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Do bye weeks actually help?

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John David Mercer-USA TODAY Sports

There are two steps involved in the release of a given year's SEC football schedule. Step 1: It is released. Step 2: Alabama fans note how many of their upcoming opponents have bye weeks before facing Alabama.

To be sure, it seems there are always examples. This past season, three consecutive Bama opponents -- Texas A&M on Oct. 17, Tennessee on Oct. 24, and LSU on Nov. 7 -- played the Crimson Tide after a week off. (Bama also had a bye before LSU.) The opponent after that, Mississippi State, even had a couple of extra days off because of a Thursday night game the week before.

But does this actually matter? Looking at something like bye week effects is so based in anecdotes that you can see whatever you want to see. I've always wondered if the rejuvenating value of a bye week is offset at least a little bit by the fact that you fall out of your week to week rhythm. What do the numbers actually say about the effects of bye weeks?

To search for an answer here, we're going to look at percentile performances and a team's performance vs. the spread. You can find out more about the percentiles hereI use them in my in-season team profiles and offseason preview series. It boils your single-game performance down into a single, opponent-adjusted figure. In theory, using percentiles to compare teams' performances after a given number of days off could work out pretty well.

The verdict? An extra week off might have been worth a couple of points in 2015.

Quality of Performance by Days Off* (2015)
Days Between Games N Percentile
Week to week change in
percentile performance
vs. Vegas
5 days 30 47.5% +1.2% -2.1
6 to 8 days 1183 52.6% -0.5% +0.1
9 to 13 days 117 47.1% -0.4% -1.9
14 days 81 54.9% +3.3% +2.3
15+ days 14 45.8% -7.1% +0.7
9 or fewer days 1281 52.2% -0.2% -0.1
over 9 days 144 50.9% -1.3% +0.7
* This sample filters out all Week 1 performances and bowl games. For performance against the Vegas spread, games against FCS competition are also filtered out.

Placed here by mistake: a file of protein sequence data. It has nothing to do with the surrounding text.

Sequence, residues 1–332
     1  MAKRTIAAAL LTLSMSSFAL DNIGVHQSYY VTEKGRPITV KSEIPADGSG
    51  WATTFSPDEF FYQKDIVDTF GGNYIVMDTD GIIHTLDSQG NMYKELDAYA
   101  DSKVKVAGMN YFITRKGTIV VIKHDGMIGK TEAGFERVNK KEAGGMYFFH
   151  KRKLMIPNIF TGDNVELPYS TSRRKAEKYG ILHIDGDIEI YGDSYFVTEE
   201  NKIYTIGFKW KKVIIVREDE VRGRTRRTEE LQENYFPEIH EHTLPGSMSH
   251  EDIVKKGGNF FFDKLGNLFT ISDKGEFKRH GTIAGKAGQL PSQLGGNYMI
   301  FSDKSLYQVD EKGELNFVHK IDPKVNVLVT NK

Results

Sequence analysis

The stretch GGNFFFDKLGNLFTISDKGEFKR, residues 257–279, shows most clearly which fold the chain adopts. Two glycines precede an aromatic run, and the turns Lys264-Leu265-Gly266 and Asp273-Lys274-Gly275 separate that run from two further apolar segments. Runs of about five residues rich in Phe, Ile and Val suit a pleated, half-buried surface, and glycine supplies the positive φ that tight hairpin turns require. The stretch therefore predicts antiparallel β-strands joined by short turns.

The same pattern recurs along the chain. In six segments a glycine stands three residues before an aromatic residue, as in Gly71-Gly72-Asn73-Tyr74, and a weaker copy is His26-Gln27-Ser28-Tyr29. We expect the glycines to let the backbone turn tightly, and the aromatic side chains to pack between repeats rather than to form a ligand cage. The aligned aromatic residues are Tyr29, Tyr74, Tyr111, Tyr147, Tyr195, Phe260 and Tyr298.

Some thoughts:

  • I provided a few different ideas for data points here, and sometimes they conflict. The five-day breaks (a.k.a. the Thursday night games), for instance: teams play at a pretty low 47.5% level, but they improve by 1% over their previous performance? While playing two points below what the spread projected? The sample size for those games was small enough that a few odd performances could sway the numbers.
  • The sample was definitely not too small for the 6-8 day window, and as we see, those numbers are pretty stable.
  • 9-13 days would basically be either playing on a Wednesday, Thursday, or Friday after getting a bye week or playing on Saturday after a Tuesday, Wednesday, or Thursday game. There are a lot of MACtion games in this sample, in other words, so the fact that the average percentile performance is below 50% might make sense. It's interesting, though, that teams pretty drastically underachieved compared to the spread. Generally speaking, those midweek games don't do favors to the overall quality of the product.
  • The most important piece of this is probably the 14-day sample. That's your standard bye week. And teams played at a high level, improved by more than three percentile points, and overachieved by more than two points compared to the spread. The sample isn't huge here, but that's a pretty definitive bump. It's not worth a touchdown or anything, but in the grand scheme of things, two extra points is quite a bit.

This is only a one-year glimpse, and a lot of the numbers are pretty inconclusive. But at first glance, it does look like the bye week could be worth something to you ... even if simply means losing by a little bit less to Alabama.